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Classical and Thermal Methods. Lecture Date: March 26 th , 2012. Classical and Thermal Methods. Titrations Karl Fischer (moisture determination) Representative of a wide variety of high-performance, modern analytical titration methods

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Classical and Thermal Methods

Lecture Date: March 26th, 2012

classical and thermal methods
Classical and Thermal Methods
  • Titrations
  • Karl Fischer (moisture determination)
    • Representative of a wide variety of high-performance, modern analytical titration methods
    • The only titration discussed in detail during this class
  • Thermal Methods
    • Thermogravimetry (TG)
    • Differential thermal analysis (DTA)
    • Differential scanning calorimetry (DSC)
analytical titrations

great flexibility large amount of analyte required

suitable for a wide range of analytes lacks speciation

manual, simple colorimetric -subjective

excellent precision an accuracy sensitive to skill of analyst

readily automated reagents can be unstable

Analytical Titrations
  • Definition: an analytical technique that measures concentration of an analyte by the volumetric addition of a reagent solution (titrant) that reacts quantitatively with the analyte.
    • Classes: acid-base, redox, complexation, and precipitation and
  • For titrations to be analytically useful, the reaction must generally be quantitative, fast and well-behaved
titration curves
Titration Curves

Strong acid - Strong base

Strong base - Weak acid

titration curves1
Titration Curves

Strong base - polyprotic acid

Strength of Acids and Bases


example 1
Example 1
  • 30 mL of 0.10M NaOH neutralised 25.0mL of hydrochloric acid. Determine the concentration of the acid
      • 1. Write the balanced chemical equation for the reactionNaOH(aq) + HCl(aq) -----> NaCl(aq) + H2O(l)
      • 2. Extract the relevant information from the question:NaOH V = 30mL , M = 0.10M HCl V = 25.0mL, M = ?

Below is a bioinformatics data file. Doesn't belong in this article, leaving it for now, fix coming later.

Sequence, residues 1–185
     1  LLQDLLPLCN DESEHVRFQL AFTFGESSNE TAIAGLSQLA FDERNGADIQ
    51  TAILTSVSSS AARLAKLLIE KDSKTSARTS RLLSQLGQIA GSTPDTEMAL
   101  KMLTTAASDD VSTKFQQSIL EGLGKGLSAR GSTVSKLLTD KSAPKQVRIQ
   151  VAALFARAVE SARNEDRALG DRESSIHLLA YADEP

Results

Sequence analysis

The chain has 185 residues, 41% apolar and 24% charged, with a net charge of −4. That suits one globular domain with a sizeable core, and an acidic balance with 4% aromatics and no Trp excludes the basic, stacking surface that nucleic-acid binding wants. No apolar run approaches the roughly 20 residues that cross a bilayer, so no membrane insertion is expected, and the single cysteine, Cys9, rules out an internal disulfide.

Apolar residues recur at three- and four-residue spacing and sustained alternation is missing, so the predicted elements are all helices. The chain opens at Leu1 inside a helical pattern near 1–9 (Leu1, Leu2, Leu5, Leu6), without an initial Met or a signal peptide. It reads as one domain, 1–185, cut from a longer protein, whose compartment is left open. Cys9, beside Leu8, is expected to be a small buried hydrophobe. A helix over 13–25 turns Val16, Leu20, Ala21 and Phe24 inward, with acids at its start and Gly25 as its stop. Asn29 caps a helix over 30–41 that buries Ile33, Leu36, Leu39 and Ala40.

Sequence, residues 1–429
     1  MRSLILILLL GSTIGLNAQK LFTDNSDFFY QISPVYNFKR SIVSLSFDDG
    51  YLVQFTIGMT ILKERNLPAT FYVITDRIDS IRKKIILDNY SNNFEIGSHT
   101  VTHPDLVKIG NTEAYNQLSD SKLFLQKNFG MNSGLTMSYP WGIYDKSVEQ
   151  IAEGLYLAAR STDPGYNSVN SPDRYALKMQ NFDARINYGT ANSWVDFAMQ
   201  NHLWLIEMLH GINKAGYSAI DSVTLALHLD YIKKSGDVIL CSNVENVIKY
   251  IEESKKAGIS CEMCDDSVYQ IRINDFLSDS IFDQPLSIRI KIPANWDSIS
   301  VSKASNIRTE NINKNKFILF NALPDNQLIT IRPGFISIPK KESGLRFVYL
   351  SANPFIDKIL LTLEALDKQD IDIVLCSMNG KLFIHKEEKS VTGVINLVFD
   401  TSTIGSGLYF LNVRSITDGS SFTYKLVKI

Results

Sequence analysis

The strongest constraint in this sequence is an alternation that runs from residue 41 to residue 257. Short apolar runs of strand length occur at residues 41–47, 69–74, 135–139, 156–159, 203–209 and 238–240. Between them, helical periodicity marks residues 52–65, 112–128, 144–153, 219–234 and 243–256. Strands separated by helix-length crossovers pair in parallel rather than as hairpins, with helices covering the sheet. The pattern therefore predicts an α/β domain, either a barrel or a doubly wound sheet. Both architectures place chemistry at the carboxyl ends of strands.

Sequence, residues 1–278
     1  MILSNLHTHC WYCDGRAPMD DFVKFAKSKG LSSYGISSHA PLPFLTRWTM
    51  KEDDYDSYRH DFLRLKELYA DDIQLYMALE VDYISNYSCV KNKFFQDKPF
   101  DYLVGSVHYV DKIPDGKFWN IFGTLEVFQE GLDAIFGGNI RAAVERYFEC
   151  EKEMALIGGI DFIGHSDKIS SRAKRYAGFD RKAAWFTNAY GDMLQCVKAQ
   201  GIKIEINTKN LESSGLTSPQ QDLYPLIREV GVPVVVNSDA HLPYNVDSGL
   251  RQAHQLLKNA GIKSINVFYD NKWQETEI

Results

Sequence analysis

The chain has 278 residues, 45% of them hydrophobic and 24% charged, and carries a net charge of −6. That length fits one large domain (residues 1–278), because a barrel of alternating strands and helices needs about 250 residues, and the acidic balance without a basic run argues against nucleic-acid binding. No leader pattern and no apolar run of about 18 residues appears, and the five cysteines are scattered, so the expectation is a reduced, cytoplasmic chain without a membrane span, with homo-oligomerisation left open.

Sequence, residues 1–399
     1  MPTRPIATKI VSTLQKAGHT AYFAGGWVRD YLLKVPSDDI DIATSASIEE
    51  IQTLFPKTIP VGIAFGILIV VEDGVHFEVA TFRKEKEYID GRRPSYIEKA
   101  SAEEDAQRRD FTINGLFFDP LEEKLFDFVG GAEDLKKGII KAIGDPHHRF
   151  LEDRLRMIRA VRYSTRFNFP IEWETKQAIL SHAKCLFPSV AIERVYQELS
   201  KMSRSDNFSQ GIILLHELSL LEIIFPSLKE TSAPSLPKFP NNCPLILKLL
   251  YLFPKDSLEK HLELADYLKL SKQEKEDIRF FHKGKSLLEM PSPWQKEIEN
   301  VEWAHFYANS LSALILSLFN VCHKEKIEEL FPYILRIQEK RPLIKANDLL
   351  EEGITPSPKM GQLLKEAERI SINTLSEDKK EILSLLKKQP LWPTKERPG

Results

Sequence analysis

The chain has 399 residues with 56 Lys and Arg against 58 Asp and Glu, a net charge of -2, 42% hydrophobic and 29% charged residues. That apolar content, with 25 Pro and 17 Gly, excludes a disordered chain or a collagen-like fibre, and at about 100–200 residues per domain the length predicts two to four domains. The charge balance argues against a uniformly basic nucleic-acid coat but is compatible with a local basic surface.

• 3. Check the data for consistencyNaOH V = 30 x 10-3L , M = 0.10M HCl V = 25.0 x 10-3L, M = ?
  • 4. Calculate moles NaOH n(NaOH) = M x V = 0.10 x 30 x 10-3 = 3 x 10-3 moles
  • 5. From the balanced chemical equation find the mole ratio NaOH:HCl 1:1
example 1 continued
Example 1 (continued)

6. Find moles HClNaOH: HCl is 1:1

So n(NaOH) = n(HCl) = 3 x 10-3 moles at the equivalence point

Calculate concentration of HCl: M = n ÷ V

n = 3 x 10-3 mol, V = 25.0 x 10-3L

M(HCl) = 3 x 10-3 ÷ 25.0 x 10-3 = 0.12M or 0.12 mol L-1

example 2
Example 2
  • 50mL of 0.2mol L-1 NaOH neutralised 20mL of sulfuric acid. Determine the concentration of the acid
  • 1. Write the balanced chemical equation for the reaction NaOH(aq) + H2SO4(aq) -----> Na2SO4(aq) + 2H2O(l)
      • 2. Extract the relevant information from the question:NaOH V = 50mL, M = 0.2M H2SO4 V = 20mL, M = ?
  • 3. Check the data for consistencyNaOH V = 50 x 10-3L, M = 0.2M H2SO4 V = 20 x 10-3L, M = ?
  • 4. Calculate moles NaOH n(NaOH) = M x V = 0.2 x 50 x 10-3 = 0.01 mol
  • 5. From the balanced chemical equation find the mole ratio NaOH:H2SO4 2:1
example 2 continued
Example 2 (continued)

6. Find moles H2SO4 NaOH: H2SO4 is 2:1

So n(H2SO4) = ½ x n(NaOH) = ½ x 0.01 = 5 x 10-3 moles H2SO4 at the

equivalence point

7. Calculate concentration of H2SO4: M = n ÷ V n = 5 x 10-3 mol, V = 20 x 10-3L

M(H2SO4) = 5 x 10-3 ÷ 20 x 10-3 = 0.25M or 0.25 mol L-1

karl fischer titration kft
Karl Fischer Titration (KFT)
  • Karl Fischer titration is a widely used analytical technique for quantitative analysis of total water content in a material
  • Applications
    • Food, pharma, consumer products
    • Anywhere where water can affect stability or properties
  • Karl Fischer (a German chemist) developed a specific reaction for selectively and specifically determining water at low levels.
    • The reaction uses a non-aqueous system containing excess of sulfur dioxide, with a primary alcohol as the solvent and a base as the buffering agent

A modern KF titrator

For more information about KFT, see US Pharmacopeia 921

karl fischer reaction and reagents